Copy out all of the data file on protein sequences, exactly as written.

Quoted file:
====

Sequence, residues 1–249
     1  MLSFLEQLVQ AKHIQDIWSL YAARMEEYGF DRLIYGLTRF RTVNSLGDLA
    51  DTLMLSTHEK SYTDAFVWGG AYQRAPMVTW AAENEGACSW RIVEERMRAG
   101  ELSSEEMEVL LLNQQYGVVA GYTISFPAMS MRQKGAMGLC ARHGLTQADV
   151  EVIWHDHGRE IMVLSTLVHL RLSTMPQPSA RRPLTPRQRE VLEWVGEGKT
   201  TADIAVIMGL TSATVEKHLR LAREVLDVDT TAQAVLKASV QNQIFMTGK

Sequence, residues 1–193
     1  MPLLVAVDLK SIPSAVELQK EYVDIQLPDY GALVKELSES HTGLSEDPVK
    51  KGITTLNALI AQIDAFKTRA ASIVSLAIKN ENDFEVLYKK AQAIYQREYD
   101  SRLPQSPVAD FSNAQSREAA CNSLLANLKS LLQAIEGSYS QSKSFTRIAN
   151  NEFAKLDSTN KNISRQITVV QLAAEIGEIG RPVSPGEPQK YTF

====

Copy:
Sequence, residues 1–249
     1  MLSFLEQLVQ AKHIQDIWSL YAARMEEYGF DRLIYGLTRF RTVNSLGDLA
    51  DTLMLSTHEK SYTDAFVWGG AYQRAPMVTW AAENEGACSW RIVEERMRAG
   101  ELSSEEMEVL LLNQQYGVVA GYTISFPAMS MRQKGAMGLC ARHGLTQADV
   151  EVIWHDHGRE IMVLSTLVHL RLSTMPQPSA RRPLTPRQRE VLEWVGEGKT
   201  TADIAVIMGL TSATVEKHLR LAREVLDVDT TAQAVLKASV QNQIFMTGK

Sequence, residues 1–193
     1  MPLLVAVDLK SIPSAVELQK EYVDIQLPDY GALVKELSES HTGLSEDPVK
    51  KGITTLNALI AQIDAFKTRA ASIVSLAIKN ENDFEVLYKK AQAIYQREYD
   101  SRLPQSPVAD FSNAQSREAA CNSLLANLKS LLQAIEGSYS QSKSFTRIAN
   151  NEFAKLDSTN KNISRQITVV QLAAEIGEIG RPVSPGEPQK YTF